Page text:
Updating table data

I have an application in rails in which i am adding a new column in one
of the tables. The value for the new column is a bit.ly link and I need
to populate this for each record in the table approx. 250 rows will be
affected.

Q1: Can this be done outside the application? i.e. write a script that
can interact with the db and then populate the appropriate column? And
is this advisable?

or

Q2: if the aforementioned idea is not a good way then what will be the
best way to update the existing records as any code i will write will
only be used to update the table once.

One suggestion that has been made is to use migrations but I am not 100%
on how i can do that...

Plz help

Quee WM wrote:

I have an application in rails in which i am adding a new column in one
of the tables. The value for the new column is a bit.ly link and I need
to populate this for each record in the table approx. 250 rows will be
affected.

Q1: Can this be done outside the application? i.e. write a script that
can interact with the db and then populate the appropriate column?

Yes.

And
is this advisable?

Absolutely not.

or

Q2: if the aforementioned idea is not a good way then what will be the
best way to update the existing records as any code i will write will
only be used to update the table once.

Use a migration. That's what they're for.

One suggestion that has been made is to use migrations but I am not 100%
on how i can do that...

Well, what have you figured out so far? We can help you better if you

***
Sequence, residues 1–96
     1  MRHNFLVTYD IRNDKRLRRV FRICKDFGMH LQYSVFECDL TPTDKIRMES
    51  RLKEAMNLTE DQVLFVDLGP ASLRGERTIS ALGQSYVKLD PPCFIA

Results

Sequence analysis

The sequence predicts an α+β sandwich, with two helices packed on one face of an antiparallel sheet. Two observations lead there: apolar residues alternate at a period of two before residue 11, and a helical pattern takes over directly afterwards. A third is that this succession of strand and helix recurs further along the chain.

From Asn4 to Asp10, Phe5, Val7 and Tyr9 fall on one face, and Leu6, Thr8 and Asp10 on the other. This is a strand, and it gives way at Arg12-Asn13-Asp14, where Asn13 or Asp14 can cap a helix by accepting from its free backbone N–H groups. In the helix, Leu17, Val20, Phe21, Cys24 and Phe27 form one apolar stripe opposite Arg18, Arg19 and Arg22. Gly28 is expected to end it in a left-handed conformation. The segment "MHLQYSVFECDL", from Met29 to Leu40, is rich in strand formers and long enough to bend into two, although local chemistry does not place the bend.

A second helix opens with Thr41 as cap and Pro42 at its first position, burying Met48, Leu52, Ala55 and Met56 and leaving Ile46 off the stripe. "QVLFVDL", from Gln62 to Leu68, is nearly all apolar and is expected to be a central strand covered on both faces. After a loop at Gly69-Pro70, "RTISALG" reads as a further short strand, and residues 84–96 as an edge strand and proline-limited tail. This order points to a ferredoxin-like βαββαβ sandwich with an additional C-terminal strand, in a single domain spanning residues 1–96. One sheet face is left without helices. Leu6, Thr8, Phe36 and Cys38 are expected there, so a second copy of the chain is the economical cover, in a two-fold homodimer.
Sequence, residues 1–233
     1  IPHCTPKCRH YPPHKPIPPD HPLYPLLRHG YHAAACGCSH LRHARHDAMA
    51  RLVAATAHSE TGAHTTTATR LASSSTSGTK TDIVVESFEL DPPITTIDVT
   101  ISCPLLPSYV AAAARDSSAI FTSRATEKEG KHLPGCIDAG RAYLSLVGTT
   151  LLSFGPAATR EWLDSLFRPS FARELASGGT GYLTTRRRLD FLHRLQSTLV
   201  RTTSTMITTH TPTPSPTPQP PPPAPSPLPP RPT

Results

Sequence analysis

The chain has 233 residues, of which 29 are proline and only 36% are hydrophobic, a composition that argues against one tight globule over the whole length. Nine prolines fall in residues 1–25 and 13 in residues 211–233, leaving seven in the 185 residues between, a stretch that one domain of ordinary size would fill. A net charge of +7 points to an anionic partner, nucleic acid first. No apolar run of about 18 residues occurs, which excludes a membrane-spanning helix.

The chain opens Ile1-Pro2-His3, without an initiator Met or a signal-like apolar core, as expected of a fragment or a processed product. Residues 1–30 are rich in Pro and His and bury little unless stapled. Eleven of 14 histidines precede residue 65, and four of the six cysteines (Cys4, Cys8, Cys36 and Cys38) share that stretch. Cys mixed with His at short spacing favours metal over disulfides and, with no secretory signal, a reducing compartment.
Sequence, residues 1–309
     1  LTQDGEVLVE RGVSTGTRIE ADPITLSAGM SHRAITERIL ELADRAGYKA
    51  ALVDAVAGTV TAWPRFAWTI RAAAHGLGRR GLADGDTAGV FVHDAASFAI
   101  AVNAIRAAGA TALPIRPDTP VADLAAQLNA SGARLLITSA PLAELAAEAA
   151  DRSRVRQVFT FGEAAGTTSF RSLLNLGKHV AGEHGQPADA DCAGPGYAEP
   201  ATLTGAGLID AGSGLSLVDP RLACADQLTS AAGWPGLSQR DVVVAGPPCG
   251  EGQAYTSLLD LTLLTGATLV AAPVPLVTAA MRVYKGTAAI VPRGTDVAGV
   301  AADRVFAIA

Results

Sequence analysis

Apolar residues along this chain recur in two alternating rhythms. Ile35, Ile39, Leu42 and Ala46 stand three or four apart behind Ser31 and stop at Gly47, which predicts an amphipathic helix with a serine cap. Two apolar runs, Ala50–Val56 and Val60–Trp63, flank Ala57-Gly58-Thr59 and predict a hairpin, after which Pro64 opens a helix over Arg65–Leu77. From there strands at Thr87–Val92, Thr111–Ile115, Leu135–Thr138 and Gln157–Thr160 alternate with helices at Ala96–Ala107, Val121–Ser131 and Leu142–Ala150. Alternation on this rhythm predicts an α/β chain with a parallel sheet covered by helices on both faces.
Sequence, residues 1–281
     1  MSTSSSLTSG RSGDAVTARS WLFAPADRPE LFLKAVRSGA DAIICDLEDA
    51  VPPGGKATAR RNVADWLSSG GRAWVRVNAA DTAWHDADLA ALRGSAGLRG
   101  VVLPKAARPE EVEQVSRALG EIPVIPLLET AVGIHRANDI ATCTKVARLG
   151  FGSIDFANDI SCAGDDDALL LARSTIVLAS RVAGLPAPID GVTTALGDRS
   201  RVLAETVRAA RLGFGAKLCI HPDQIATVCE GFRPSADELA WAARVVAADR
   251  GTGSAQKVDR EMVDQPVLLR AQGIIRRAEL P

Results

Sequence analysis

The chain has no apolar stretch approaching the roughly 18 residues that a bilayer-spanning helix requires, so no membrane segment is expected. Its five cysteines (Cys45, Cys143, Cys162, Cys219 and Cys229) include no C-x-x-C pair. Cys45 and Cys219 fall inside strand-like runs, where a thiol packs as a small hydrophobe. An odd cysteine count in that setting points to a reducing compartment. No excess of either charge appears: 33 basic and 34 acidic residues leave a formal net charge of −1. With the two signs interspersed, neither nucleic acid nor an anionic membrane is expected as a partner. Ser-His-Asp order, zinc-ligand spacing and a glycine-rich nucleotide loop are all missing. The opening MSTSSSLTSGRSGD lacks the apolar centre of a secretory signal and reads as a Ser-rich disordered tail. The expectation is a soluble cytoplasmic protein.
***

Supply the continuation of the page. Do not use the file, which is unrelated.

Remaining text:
tell us what you don't understand.

In general, though, *all* DB schema changes should be made through
migrations. This makes maintenance easier.

Plz help

Best,

Quee WM wrote:

I have an application in rails in which i am adding a new column in one
of the tables. The value for the new column is a bit.ly link and I need
to populate this for each record in the table approx. 250 rows will be
affected.

One suggestion that has been made is to use migrations but I am not 100%
on how i can do that...

A migration is a Ruby script.
The Rails sugar helps you tell the application (for instance):
"Hey there! I need you to add a column to this table. And while you're
at it, check every row, and do this on every row, so we can populate
that new column."

Start by taking a look at this:
http://railsbrain.com/api/rails-2.3.2/doc/index.html?a=M001956&name=add_column

If the value of the column is the same for every row, can't you just
use default value when you create the column?

Curtis Cooley wrote:

Aldric Giacomoni wrote:

That is true - but since he mentioned a bit.ly link, I thought it would
be different for every row.

You are 100% right that it will be different for each row. With the help
of others on this forum I have written a callback function which
provides me with a bitly link at creation time of a new record.

I believe that I can use the same function and provide it the required
information but the biggest question I have right now is how to make
that call? I could not see a decent example on google where the database
was being populated using a function at creation time. So any help in
this regards will keep me going.

Also I posted the same question on the ruby forum and one suggestion so
far is that

For one-shot scripts that are not exactly migrations, it should be an
acceptable way to use an external script. I find some weight in this as
well as what if I need to redeploy the same app on a new server, with
fresh data, if the code to add the bitly is in the migration, it will be